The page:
Working With Paraprofessionals in the Special Needs Classroom

working with paraprofessionals in the special needs classroom

Let's be honest, working this closely with other people can certainly have its challenges, but I am here to tell you how I make sure you are working as a close-knit team.  Whether you are working in a self-contained setting or running a general education classroom, communication and having clear expectations are KEY!

Using a simple brochure to start off the year is a sure-fire way to start the year off on the right foot.  Not only will this brochure allow for conversation starters and explain clear expectations, but your paraprofessionals will have it all in writing so they can refer back to it whenever they would like.  Setting expectations in the beginning of the year is crucial to have a successful year.

Use the first weeks of school and schedule yourself NOT to do any teaching.  Use those weeks to teach your Para's EXACTLY how you want them to teach, to record data, to use language, to reward students, ALL THE THINGS!  I promise, if you invest this time at the beginning of the year to train your Para's upfront, you won't have to work so hard throughout the year.  Your self-contained class should be able to run itself.
Something I tell my para's at the beginning of the year is that I won't interfere unless you ask me to.  All too often I see the teachers doing all the things all by themselves, including taking care of all the behaviors.    This usually occurs when the teachers are thinking that they are the only ones that know how to handle it.  You need to teach your para how to handle the behaviors so that you can share the load.  They are, most likely, fully capable of handling all the things.  The burden should not solely rest on the teacher.  If you have to step out for a meeting, the room should not fall apart without you.  Train your para's to run the classroom without you.  I promise you will thank me later.
Hold team meetings.  Whether they are weekly or monthly, schedule a time to meet and collaborate with your team.   Use an agenda and record your meetings.  Celebrate victories, talk about student needs, go over friendly reminders or procedures and talk about stuff that matters!
one of the many sheets in my Editable Teacher Binder resource
In addition, try and get together at least once after school at the beginning of the year to get to know your para's on a more personal level.  You want your para's to trust you, to like you and to believe in what you say, especially if you are younger than them.
Share information when you get it.  When you hear about great professional development, in-district or out of the district, inform your para's and let them decide if they would like to go.  I had a para once pay out of pocket because he was so interested in the subject matter. Advocate to your administrators to get free professional development during training days for your para's.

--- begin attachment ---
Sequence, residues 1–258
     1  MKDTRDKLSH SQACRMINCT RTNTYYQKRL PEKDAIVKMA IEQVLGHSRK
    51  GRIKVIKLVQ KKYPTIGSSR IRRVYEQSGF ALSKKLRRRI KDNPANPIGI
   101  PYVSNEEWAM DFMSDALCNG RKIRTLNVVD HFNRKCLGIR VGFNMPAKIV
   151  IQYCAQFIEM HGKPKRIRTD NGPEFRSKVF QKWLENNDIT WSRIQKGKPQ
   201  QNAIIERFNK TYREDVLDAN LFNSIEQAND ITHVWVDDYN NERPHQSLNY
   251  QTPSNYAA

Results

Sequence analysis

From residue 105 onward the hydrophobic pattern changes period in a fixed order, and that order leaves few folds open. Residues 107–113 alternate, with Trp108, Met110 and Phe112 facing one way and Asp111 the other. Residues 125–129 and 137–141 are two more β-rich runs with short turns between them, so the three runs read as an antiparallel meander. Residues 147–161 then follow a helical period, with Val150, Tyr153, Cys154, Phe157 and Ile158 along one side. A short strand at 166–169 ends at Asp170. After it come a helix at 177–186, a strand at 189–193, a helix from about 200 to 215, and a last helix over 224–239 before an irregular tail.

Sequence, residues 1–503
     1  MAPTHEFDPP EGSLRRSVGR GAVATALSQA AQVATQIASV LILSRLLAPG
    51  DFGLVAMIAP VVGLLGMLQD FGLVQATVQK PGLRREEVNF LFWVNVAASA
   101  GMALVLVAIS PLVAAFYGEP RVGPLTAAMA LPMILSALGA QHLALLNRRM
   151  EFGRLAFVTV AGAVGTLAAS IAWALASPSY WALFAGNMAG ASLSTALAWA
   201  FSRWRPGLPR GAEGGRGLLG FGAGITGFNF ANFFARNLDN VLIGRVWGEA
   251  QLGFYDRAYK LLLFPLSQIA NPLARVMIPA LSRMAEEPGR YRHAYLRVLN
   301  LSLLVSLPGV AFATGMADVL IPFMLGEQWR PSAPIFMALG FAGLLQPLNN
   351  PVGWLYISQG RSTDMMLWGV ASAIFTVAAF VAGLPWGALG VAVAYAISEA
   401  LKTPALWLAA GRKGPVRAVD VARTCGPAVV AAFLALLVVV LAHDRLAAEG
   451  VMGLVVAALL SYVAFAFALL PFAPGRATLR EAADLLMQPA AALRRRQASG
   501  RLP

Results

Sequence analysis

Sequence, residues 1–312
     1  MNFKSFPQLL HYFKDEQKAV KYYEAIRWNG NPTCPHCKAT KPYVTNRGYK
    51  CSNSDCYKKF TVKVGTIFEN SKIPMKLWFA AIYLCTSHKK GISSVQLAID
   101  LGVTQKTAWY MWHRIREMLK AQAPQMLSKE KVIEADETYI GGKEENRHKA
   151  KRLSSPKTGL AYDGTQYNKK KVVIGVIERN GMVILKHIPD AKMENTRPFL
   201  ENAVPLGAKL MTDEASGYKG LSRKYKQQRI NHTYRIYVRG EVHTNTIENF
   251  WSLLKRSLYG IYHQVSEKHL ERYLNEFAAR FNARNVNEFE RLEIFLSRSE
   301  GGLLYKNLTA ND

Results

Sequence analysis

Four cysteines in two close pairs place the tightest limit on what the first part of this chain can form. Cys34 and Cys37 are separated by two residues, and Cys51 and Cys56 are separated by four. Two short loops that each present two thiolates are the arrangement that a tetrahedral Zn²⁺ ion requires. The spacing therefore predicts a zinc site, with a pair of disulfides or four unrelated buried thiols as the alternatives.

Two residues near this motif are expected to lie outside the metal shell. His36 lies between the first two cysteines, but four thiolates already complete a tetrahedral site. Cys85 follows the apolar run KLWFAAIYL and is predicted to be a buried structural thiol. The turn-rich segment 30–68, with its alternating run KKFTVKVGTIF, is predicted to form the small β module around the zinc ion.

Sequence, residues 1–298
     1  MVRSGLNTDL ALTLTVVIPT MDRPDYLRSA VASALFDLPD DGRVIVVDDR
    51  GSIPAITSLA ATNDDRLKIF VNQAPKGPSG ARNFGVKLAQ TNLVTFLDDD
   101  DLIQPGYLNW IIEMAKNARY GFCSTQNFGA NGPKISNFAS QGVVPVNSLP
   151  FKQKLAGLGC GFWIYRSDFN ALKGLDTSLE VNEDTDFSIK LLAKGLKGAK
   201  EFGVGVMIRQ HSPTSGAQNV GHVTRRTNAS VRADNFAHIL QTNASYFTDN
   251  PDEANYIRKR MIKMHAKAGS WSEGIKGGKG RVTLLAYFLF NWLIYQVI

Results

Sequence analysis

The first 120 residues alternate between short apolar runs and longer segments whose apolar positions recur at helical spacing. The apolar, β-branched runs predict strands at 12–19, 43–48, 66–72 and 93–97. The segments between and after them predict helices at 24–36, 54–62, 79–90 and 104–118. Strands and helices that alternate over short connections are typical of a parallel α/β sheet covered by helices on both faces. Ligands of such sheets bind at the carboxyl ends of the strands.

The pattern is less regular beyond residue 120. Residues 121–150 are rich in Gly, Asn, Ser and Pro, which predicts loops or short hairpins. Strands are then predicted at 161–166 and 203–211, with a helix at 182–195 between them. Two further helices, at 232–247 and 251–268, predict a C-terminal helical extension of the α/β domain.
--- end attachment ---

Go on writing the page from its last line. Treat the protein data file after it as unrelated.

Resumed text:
Be approachable.  Be personable.  You want your para's to feel comfortable enough to come to you about anything.   Paraprofessionals deserve respect from the teacher.  You are not better than them and they should be treated as such.  I started as a paraprofessional and it gives me great perspective on how I treat my support staff.
My classroom on Halloween in 2016 (with all my paraprofessionals)
Utilize the support you have and they will feel valued.  They want to feel needed and they want to work, believe me.  You would be shocked at how often I have seen teaching assistants or aides sitting around doing nothing, playing on their phones.  Monitor their performance and if they aren't doing it right, coach them, teach them.  Don't talk about them behind their backs to other people.
Set a schedule and share it so all support staff know where they are supposed to be at all times.  I have even made tiny schedules and laminated them to be placed on the back of school identification cards.
If you feel like your paraprofessional, TA (teaching assistant) or aide needs more in-depth guidance, you can check out the paraprofessional handbook that I created for more newbies to the field or a change in the population of kids.
Managing and training paraprofessionals (Teaching Assistants, Aides and TA's) can be daunting and never-ending. Coming up with the right expectations or responsibilities can be a headache. Let this manual be your guide to help them get started. This document is 100% editable to make it your own!!
Here is what is included:
  • Welcome Page
  • Roles & Responsibilities –daily duties, cleaning, assisting
  • Confidentiality
  • Accommodations & Modifications
  • tracking data
  • classification list
  • SPED Acronyms
  • BIPs
  • Prompt Hierarchy
  • Training (what is Autism, behaviors, aggression, communication, language, visual schedules reinforcers)
  • signature page
  • paraprofessional information sheet
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I am a High School, self-contained Autism teacher from Central New York, who is passionate about individualizing student learning. I am a mommy of three, lover of all things Disney, married to my best friend and addicted to chocolate!! I hope that you find great ideas and inspiration here, so welcome!!

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